Duke Energy could be in for a fresh round of embarrassing and damaging revelations in the ongoing state investigation of its merger with Progress Energy.
The N.C. Utilities Commission on Friday ordered Duke to publicly disclose hundreds of internal emails chronicling executive-level discussions that led up to the utility’s $32 billion merger with Progress Energy and the subsequent firing of CEO Bill Johnson.
The Utilities Commission said most of the emails Charlotte-based Duke and Raleigh-based Progress filed under seal this summer do not qualify as trade secrets. The ruling orders the utilities to release roughly four times the volume of internal documents they had previously made public.
The commission further rebuked the companies for claiming those emails should be kept from the public.
“The Commission is not persuaded that any person or business would benefit economically from the disclosure of the information,” the commission wrote in its order. “In the Applicants’ future filings in this and all dockets, the Commission expects the Applicants to be more forthright in their assertions as to what documents in fact contain confidential information.”
The Utilities Commission in July had requested more than a year’s worth of emails as part of its investigation into Johnson’s firing. The agency received some 6,000 pages of internal documents, but Duke and Progress filed 5,033 pages under seal as “trade secrets.”
Several media organizations, including The News & Observer, asked the Utilities Commission to unseal documents that did not meet the legal standard of a trade secret.
Even the small portion that was filed publicly revealed swirling doubts about Johnson’s ability to lead the combined company and growing anxiety within Duke’s executive suite over the mounting cost of the merger.
Duke has 10 days to divulge its emails or fight the commission in court to shield its internal documents from public scrutiny. The company is weighing all options.
“Duke Energy is reviewing the order and will determine next steps upon completion of that review,” the company said in a statement.
Unsealing the documents won’t sway the investigation. The commission has already viewed all the documents that have been labeled confidential.
New York analyst Marc de Croisset of FBR Capital Markets said additional disclosures could prove titillating but might yield little new information.
"It may make for great cocktail chatter, but I don’t expect anything substantive from a business standpoint that is not already known,” he said.
The Utilities Commission had approved the merger in late June on the understanding that Johnson, who had been CEO of Progress, would lead the combined company. Johnson’s firing, just hours after the merger was finalized, triggered a wave of condemnation from customers, employees and former Progress board members.
The commission launched its investigation with public hearings this summer, challenging Duke’s CEO Jim Rogers and Duke board members as to their credibility and trustworthiness. Rogers, under oath, said Duke’s board felt Johnson’s “style was autocratic and discouraged different points of view.” Johnson countered that Duke had “buyer’s remorse” and tried to squirm out of the merger without paying a $675 million breakup fee.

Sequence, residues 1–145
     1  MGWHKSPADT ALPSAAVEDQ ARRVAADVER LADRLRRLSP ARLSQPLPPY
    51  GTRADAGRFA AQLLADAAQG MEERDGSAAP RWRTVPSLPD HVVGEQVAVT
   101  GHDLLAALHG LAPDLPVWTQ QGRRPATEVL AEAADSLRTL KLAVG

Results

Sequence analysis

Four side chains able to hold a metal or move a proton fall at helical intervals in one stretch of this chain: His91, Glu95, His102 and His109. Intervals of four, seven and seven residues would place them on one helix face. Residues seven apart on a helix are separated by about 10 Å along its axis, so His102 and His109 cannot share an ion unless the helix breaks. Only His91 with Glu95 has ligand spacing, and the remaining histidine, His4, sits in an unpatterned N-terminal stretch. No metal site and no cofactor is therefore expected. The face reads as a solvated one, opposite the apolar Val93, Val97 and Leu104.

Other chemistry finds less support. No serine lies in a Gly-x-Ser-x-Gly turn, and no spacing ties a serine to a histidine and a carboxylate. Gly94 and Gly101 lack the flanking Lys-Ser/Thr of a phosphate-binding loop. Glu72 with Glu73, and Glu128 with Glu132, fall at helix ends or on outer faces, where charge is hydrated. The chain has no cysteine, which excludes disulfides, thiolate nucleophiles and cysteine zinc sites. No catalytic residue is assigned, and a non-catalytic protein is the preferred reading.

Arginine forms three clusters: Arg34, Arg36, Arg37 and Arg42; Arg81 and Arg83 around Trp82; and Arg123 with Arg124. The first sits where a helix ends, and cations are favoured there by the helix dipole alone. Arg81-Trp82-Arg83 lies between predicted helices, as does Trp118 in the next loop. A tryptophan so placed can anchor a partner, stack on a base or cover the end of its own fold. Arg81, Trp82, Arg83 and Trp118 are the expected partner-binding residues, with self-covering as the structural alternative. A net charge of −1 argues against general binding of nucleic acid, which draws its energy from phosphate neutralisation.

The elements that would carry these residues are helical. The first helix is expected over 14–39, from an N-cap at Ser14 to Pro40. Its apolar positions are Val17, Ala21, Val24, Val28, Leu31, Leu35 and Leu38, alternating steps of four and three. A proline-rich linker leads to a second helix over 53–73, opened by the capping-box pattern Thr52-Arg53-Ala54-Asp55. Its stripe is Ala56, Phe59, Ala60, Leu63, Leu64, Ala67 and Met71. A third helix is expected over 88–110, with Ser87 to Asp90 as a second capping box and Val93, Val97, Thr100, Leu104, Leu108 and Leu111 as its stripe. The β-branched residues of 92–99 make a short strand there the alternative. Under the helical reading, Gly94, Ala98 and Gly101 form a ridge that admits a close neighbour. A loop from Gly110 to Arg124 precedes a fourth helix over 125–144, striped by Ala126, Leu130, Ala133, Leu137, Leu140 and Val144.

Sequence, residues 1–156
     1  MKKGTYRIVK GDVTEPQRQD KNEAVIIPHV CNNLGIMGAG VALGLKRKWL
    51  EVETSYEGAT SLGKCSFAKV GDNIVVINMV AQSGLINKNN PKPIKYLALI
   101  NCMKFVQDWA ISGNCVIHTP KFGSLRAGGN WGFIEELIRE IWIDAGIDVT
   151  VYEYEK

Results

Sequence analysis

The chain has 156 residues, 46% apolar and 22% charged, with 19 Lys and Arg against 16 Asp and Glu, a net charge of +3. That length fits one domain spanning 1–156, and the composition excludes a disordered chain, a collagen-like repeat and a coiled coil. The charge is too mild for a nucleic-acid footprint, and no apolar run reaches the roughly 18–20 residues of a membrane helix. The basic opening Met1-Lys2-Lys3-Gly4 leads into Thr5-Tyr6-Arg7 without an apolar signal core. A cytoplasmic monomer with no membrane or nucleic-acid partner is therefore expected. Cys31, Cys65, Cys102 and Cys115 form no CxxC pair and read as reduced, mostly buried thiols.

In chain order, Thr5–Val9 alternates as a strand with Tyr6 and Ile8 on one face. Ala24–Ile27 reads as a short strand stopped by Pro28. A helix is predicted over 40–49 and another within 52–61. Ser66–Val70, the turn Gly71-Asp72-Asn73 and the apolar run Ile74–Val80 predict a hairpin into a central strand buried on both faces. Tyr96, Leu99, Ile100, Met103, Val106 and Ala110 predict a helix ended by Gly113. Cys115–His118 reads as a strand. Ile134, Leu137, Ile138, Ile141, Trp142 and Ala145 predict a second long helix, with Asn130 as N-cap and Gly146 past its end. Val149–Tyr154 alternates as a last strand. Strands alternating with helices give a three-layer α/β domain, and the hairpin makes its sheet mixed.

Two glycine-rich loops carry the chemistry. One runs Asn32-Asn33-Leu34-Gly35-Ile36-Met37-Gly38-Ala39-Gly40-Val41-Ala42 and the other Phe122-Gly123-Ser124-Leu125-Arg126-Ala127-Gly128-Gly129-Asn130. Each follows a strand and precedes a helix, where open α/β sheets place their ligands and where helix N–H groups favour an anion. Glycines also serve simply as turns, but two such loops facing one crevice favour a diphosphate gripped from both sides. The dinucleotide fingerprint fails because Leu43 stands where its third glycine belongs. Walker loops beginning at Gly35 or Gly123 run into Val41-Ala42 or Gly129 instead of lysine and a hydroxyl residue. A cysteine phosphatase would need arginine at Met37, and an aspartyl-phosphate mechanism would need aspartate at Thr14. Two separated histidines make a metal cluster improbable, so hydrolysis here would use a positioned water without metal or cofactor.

In addition to the commission’s probe into whether Duke deliberately misled regulators and the public about its CEO strategy, the N.C. Attorney General launched a parallel investigation, which is also ongoing.
The commission has the authority to repeal the merger, modify its terms or levy a fine against Duke. It could hold another round of hearings to follow up on leads that have surfaced during the probe. The panel has not commented on the progress or status of its investigation.
The commission hired a prominent national law firm that specializes in auditing financial fraud and corporate malfeasance to conduct the investigation and has suggested that Duke could end the matter by proposing a settlement.
The emails that were released this summer offered a rare glimpse into the workings of Duke’s corporate boardroom and the delicate relationships between CEO Rogers and his bosses on Duke’s board.
The emails, often typed on smartphones, showed that even as board members sent Johnson congratulatory emails – and congratulated themselves for sending those emails – their attitude toward Johnson remained tepid and rapidly cooled as the merger ran into regulatory trouble in Washington and as Progress’ nuclear plant performance deteriorated.
On Friday the commission said that of the 5,000-plus pages of confidential filings, only 672 pages should remain classified as confidential, while 1,432 pages include portions that are confidential and portions that are public.
Nearly 3,000 pages contain no trade secrets at all and should be released in their entirety, the commission concluded. The 1,432 pages that are partially confidential should be released to the public with the trade secrets blotted out, the commission said.